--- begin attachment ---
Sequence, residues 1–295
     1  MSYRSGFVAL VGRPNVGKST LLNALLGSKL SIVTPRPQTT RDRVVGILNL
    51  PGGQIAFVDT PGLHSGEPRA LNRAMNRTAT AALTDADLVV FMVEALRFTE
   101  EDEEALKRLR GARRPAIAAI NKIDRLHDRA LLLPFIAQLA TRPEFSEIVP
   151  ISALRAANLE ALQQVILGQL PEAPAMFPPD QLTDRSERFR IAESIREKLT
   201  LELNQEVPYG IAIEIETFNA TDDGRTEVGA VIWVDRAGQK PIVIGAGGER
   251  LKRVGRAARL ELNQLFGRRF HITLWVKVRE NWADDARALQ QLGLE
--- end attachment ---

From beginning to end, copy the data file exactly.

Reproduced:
Sequence, residues 1–295
     1  MSYRSGFVAL VGRPNVGKST LLNALLGSKL SIVTPRPQTT RDRVVGILNL
    51  PGGQIAFVDT PGLHSGEPRA LNRAMNRTAT AALTDADLVV FMVEALRFTE
   101  EDEEALKRLR GARRPAIAAI NKIDRLHDRA LLLPFIAQLA TRPEFSEIVP
   151  ISALRAANLE ALQQVILGQL PEAPAMFPPD QLTDRSERFR IAESIREKLT
   201  LELNQEVPYG IAIEIETFNA TDDGRTEVGA VIWVDRAGQK PIVIGAGGER
   251  LKRVGRAARL ELNQLFGRRF HITLWVKVRE NWADDARALQ QLGLE